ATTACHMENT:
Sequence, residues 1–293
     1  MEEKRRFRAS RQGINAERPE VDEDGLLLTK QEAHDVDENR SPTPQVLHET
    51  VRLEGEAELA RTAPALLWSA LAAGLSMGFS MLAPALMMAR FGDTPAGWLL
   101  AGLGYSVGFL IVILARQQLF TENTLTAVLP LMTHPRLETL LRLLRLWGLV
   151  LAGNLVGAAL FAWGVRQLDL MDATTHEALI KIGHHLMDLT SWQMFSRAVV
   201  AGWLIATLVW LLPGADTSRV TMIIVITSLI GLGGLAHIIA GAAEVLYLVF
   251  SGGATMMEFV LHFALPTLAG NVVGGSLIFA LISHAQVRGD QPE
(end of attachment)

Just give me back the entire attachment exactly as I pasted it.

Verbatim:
Sequence, residues 1–293
     1  MEEKRRFRAS RQGINAERPE VDEDGLLLTK QEAHDVDENR SPTPQVLHET
    51  VRLEGEAELA RTAPALLWSA LAAGLSMGFS MLAPALMMAR FGDTPAGWLL
   101  AGLGYSVGFL IVILARQQLF TENTLTAVLP LMTHPRLETL LRLLRLWGLV
   151  LAGNLVGAAL FAWGVRQLDL MDATTHEALI KIGHHLMDLT SWQMFSRAVV
   201  AGWLIATLVW LLPGADTSRV TMIIVITSLI GLGGLAHIIA GAAEVLYLVF
   251  SGGATMMEFV LHFALPTLAG NVVGGSLIFA LISHAQVRGD QPE